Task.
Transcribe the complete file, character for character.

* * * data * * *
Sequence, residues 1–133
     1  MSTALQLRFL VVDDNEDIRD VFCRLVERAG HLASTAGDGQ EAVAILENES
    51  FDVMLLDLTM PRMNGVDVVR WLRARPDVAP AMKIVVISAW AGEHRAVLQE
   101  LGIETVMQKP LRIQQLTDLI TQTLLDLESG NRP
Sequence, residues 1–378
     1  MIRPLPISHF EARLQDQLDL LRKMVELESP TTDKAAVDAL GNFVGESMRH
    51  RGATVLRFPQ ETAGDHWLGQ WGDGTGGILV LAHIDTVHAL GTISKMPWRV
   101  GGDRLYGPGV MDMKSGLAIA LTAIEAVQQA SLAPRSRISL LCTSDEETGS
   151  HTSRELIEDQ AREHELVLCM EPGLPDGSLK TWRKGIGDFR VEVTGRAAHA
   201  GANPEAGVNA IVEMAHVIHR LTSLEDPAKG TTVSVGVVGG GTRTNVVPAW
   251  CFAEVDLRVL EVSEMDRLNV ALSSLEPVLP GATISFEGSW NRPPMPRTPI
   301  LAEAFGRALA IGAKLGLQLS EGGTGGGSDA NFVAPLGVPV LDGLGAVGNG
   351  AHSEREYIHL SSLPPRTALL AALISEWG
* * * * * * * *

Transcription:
Sequence, residues 1–133
     1  MSTALQLRFL VVDDNEDIRD VFCRLVERAG HLASTAGDGQ EAVAILENES
    51  FDVMLLDLTM PRMNGVDVVR WLRARPDVAP AMKIVVISAW AGEHRAVLQE
   101  LGIETVMQKP LRIQQLTDLI TQTLLDLESG NRP
Sequence, residues 1–378
     1  MIRPLPISHF EARLQDQLDL LRKMVELESP TTDKAAVDAL GNFVGESMRH
    51  RGATVLRFPQ ETAGDHWLGQ WGDGTGGILV LAHIDTVHAL GTISKMPWRV
   101  GGDRLYGPGV MDMKSGLAIA LTAIEAVQQA SLAPRSRISL LCTSDEETGS
   151  HTSRELIEDQ AREHELVLCM EPGLPDGSLK TWRKGIGDFR VEVTGRAAHA
   201  GANPEAGVNA IVEMAHVIHR LTSLEDPAKG TTVSVGVVGG GTRTNVVPAW
   251  CFAEVDLRVL EVSEMDRLNV ALSSLEPVLP GATISFEGSW NRPPMPRTPI
   301  LAEAFGRALA IGAKLGLQLS EGGTGGGSDA NFVAPLGVPV LDGLGAVGNG
   351  AHSEREYIHL SSLPPRTALL AALISEWG